You’re ready to build a website – you know your brand, the products or services you offer, and how future customers will use the site. You’ve made all of the difficult decisions, but to create a website for your startup can be a little intimidating. It’s like standing at the counter at the ice cream store when you’re hungry – everything looks good! How do you choose?
It’s best to start with the bare minimum, according to Allison Chaney of Bare Knuckle Digital. That means “a logo, a basic idea of what the site should look like (color scheme, layout), and what content should go on the site (‘about us’ page, products page, blog, etc.),” she says. She also suggests a customized site over using a template.
A customized website means yours won’t look like some other company’s website, and it will meet your unique needs. It will cost a little bit more, but it’s possible to avoid unnecessary costs by selectively matching your needs with the bells and whistles offered by web designers and hosting companies.
Data in, Data Out
Visitors to your site are going to learn something about your business and you. By keeping their needs in mind, you can provide valuable information that will lead to a request for more details, a phone call, or a sale. To make sure your site offers value, share tools and your expertise.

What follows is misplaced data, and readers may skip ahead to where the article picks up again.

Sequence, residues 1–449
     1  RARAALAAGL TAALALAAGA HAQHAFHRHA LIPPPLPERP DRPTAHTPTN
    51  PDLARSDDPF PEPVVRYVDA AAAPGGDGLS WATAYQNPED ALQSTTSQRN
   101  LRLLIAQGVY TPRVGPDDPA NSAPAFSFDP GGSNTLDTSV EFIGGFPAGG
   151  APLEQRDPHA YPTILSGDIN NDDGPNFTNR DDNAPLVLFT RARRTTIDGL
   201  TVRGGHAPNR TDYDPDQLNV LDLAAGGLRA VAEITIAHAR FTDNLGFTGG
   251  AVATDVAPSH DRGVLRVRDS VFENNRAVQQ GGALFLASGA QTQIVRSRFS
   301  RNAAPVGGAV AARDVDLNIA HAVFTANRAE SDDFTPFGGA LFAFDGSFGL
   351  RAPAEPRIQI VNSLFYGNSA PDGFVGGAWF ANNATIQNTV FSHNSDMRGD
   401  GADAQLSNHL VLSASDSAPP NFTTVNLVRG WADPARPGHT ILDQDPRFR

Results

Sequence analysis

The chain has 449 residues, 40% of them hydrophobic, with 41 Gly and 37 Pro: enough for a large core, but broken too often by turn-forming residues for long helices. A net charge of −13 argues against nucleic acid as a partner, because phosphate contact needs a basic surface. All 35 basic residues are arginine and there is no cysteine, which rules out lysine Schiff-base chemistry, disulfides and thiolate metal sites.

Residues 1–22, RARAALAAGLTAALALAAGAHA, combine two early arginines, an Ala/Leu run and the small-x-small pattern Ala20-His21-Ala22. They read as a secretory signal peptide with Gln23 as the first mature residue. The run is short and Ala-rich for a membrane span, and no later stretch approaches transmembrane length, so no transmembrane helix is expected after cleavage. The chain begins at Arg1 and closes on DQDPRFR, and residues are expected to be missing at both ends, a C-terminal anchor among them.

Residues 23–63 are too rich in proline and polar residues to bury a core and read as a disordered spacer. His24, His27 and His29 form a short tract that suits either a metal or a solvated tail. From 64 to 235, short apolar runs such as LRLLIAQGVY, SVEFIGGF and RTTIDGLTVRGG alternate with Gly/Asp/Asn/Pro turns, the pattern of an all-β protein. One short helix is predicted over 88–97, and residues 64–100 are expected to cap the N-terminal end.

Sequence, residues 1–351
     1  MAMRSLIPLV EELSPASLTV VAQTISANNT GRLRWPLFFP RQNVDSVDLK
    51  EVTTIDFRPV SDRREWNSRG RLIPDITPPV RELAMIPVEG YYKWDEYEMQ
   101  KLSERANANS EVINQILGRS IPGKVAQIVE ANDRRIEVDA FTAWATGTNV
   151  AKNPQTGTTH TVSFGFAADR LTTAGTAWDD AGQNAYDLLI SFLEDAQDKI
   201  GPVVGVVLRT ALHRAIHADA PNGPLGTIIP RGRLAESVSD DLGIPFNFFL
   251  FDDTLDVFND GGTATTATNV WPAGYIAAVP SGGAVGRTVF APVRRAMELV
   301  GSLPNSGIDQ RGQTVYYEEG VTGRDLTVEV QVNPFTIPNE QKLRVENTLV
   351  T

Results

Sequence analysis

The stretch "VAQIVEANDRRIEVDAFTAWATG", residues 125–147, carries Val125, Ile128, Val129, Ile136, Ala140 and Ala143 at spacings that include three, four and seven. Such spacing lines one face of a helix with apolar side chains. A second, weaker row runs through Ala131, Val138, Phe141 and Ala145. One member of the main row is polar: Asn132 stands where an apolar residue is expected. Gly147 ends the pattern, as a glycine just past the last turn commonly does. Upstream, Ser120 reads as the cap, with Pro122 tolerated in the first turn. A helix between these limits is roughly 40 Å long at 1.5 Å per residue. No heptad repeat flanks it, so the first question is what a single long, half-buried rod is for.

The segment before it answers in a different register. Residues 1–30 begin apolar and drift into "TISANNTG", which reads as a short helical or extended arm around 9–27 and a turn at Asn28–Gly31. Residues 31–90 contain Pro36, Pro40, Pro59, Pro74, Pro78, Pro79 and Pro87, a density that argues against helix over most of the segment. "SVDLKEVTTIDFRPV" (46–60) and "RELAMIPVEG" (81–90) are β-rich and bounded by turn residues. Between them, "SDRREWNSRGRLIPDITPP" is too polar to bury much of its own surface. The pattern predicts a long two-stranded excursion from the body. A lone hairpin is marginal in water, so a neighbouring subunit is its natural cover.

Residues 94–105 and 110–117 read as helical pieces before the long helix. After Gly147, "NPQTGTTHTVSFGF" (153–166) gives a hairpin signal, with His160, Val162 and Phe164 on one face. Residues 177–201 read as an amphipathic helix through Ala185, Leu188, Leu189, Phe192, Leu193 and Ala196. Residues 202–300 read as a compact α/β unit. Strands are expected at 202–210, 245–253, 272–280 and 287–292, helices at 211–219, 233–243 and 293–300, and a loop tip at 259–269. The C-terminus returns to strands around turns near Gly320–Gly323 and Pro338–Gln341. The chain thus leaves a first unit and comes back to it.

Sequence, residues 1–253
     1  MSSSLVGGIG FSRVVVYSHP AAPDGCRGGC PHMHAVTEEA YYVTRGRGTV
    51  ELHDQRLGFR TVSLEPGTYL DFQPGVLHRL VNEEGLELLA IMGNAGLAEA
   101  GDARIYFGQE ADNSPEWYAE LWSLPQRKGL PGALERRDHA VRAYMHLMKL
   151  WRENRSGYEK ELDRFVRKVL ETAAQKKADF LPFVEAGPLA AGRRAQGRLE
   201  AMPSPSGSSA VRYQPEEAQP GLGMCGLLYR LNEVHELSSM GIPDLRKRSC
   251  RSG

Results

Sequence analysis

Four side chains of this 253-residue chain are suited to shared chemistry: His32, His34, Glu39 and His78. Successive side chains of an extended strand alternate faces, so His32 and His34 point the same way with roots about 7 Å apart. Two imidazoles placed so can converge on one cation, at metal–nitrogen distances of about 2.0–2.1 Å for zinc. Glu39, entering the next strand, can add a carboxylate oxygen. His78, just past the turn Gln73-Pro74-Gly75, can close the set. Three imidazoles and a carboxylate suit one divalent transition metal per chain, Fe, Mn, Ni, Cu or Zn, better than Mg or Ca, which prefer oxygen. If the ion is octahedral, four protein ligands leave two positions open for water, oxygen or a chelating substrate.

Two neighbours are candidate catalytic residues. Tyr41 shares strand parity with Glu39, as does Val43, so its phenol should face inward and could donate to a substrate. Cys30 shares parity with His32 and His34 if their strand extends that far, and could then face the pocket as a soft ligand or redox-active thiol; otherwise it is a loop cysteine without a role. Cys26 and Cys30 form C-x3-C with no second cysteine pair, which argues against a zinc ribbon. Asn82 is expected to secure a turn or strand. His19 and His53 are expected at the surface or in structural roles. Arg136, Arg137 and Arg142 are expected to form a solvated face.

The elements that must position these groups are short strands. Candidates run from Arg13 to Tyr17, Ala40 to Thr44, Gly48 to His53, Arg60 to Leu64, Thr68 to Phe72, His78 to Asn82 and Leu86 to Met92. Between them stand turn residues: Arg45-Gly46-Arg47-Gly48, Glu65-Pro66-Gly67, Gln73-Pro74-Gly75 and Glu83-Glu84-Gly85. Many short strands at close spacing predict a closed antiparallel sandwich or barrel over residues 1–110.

eCommerce – Make it possible for your customers to buy or place an order on your website.
Blog – Don’t hide your expertise out of fear competitors will see it. Share it openly to prove to potential customers that you’ve got the chops to deliver results.
Special Features – Add a calculator related to your product or service (square footage to calculate flooring needs, or mortgage calculator to calculate monthly payments). Interactive features also give site visitors a reason to stay on your site (change the paint color in a virtual room).
Photo Gallery – Add a visual portfolio of your successes or a window-shopping experience for potential customers.